Ankle Injury – How to exercise to recovery
9th February 2016
forgot pilates
What is Pilates?
24th March 2016
Ankle Injury – How to exercise to recovery
9th February 2016
forgot pilates
What is Pilates?
24th March 2016
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Tennis elbow: The facts – Tennis elbow: The Myths


Tennis elbow: The facts   Tennis elbow: The myths


  1. You only get it from playing tennis – WRONG
  2. You can’t do anything about it -WRONG


Tennis elbow : The truth


  1. It is usually due to a problem with the rather tongue twisting named muscle & tendon unit : extensor carpi radialis brevis or ECRB for short.
  2. You can get it better. The research shows that physiotherapy is more effective than a cortisone injection in the mid to long term.   (Barr 2009)
  3. It is characterised by pain at the lateral/outer side of the elbow typically on gripping and lifting activities and the area is tender when pressed firmly.
  4. Pain can be referred from the neck, shoulder or elbow joint itself so it is important to rule these out.
  5. Most commonly it affects the dominant arm and is most prevalent between 35-54 years of age.
  6. The average duration of a typical episode is between 6 months and 2 years(Smidt 2006)
  7. Recurrence rate ranges between 33-50% after 18 months (Berglund 2008).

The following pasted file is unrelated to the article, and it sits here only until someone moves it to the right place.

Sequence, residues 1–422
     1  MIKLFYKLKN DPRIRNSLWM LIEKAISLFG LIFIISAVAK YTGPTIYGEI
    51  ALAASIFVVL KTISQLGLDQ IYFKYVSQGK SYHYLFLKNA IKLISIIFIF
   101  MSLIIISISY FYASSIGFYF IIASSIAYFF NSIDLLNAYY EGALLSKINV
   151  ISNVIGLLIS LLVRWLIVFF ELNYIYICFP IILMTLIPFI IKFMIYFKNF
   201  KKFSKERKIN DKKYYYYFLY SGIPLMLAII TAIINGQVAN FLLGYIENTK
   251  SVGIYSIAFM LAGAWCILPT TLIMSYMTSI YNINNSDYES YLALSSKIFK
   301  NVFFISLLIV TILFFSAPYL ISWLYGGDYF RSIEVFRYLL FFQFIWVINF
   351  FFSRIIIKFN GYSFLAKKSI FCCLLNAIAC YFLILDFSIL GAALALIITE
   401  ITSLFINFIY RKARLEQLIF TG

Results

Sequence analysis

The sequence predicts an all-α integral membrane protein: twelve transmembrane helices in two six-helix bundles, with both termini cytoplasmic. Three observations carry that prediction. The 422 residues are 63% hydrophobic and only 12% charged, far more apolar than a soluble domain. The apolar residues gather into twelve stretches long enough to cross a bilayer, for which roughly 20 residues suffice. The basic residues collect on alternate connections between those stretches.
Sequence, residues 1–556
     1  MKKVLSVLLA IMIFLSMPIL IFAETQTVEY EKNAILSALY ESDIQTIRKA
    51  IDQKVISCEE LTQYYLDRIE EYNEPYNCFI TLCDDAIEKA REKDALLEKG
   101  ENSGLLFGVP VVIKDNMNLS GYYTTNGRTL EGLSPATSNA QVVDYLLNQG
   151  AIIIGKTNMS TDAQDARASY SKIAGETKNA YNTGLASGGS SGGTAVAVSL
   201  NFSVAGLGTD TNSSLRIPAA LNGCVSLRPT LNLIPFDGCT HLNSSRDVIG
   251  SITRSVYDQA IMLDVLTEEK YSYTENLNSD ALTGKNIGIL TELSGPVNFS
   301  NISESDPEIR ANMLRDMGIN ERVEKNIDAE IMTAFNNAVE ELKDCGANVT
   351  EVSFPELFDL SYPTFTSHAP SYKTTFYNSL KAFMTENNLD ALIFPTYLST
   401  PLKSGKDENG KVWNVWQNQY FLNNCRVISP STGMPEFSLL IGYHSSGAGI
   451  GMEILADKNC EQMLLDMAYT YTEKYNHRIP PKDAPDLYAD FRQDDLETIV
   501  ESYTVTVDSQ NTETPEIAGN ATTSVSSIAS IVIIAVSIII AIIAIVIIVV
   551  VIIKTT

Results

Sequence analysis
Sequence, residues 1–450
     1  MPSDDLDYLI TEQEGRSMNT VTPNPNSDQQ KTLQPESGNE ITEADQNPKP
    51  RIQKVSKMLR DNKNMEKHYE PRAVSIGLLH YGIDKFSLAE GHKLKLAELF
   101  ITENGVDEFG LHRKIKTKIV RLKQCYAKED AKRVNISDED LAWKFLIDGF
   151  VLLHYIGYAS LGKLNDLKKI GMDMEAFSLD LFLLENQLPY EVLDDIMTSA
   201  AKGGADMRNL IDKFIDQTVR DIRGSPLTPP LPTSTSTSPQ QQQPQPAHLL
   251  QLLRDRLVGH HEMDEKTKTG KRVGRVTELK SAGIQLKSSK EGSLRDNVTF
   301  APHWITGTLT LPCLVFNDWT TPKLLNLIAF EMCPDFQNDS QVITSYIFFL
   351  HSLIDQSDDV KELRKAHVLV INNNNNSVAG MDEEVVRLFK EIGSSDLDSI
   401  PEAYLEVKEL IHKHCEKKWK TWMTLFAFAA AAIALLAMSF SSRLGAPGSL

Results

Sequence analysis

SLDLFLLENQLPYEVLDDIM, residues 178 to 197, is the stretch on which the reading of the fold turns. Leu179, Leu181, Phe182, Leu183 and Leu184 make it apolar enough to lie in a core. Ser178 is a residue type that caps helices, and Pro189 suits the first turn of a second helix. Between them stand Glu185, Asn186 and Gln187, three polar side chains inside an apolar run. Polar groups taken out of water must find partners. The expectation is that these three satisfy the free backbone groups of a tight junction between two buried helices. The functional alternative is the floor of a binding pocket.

Everyone is different, but once a specific diagnosis has been made,treatment options include:

Work ergonomics, Improving flexibility, Improving strength, manual therapy, taping & acupuncture.


Want to get rid of the pain quickly and prevent it coming back?

Get in touch and book in!



  • Alizadehkhaiyat (2007) Upper limb muscle imbalance in tennis elbow: a functional and EMG assessment. Journal of Orthopaedics Research. 25;1651-7
  • Barr S, Cerisola FL & Blanchard V (2009) Effectiveness of corticosteroid injections compared with physiotherapeutic interventions for lateral epicondylitis : A systematic review. Physiotherapy, Dec; 95 (4): 251-65.
  • Berglund KM, Persson BH & Denison E (2008) Prevalence of pain and dysfunction in the cervical and thoracic spine in persons with and without lateral elbow pain. Manual Therapy 13;295-299.
  • Bunata R, Brown D & Capelo R (2007) Anatomic factors related to the cause of tennis elbow. Journal of Bone and Joint Surgery. 89;1955-63.
  • Green S, Buchbinder R, Barnsley L, Hall S, White M, Smidt N, Assendelft WJJ. (2008) Acupuncture for lateral elbow pain. Cochrane Database of Systematic Reviews Issue 1.
  • Kibler B& Sciascia A (2004) Kinetic chain contributions to elbow function and dysfunction in sports. Clinical Sports Medicine. 23;545-552.
  • Pasternack I (2001) MR findings in humeral epicondylitis. A systematic review. Acta Radiologica. Vol. 42 (5), pp. 434-40.
  • Smidt et al (2006) Lateral epicondylitis in general practice: Course and prognostic indicators of outcome. Journal of Rheumatology.33;2053-9.
  • Struijs (2003) Manipulation of the wrist for management of lateral epicondylitis: a randomized pilot study. Physical Therapy 83(7);608-16
  • Trinh K (2004) Acupuncture for the alleviation of lateral epicondyle pain: a systematic review. Rheumatology 43; 1085-1090.

•Woodley (2007) Chronic tendinopathy: effectiveness of eccentric exercise. Br J Sports Med.41:188-198

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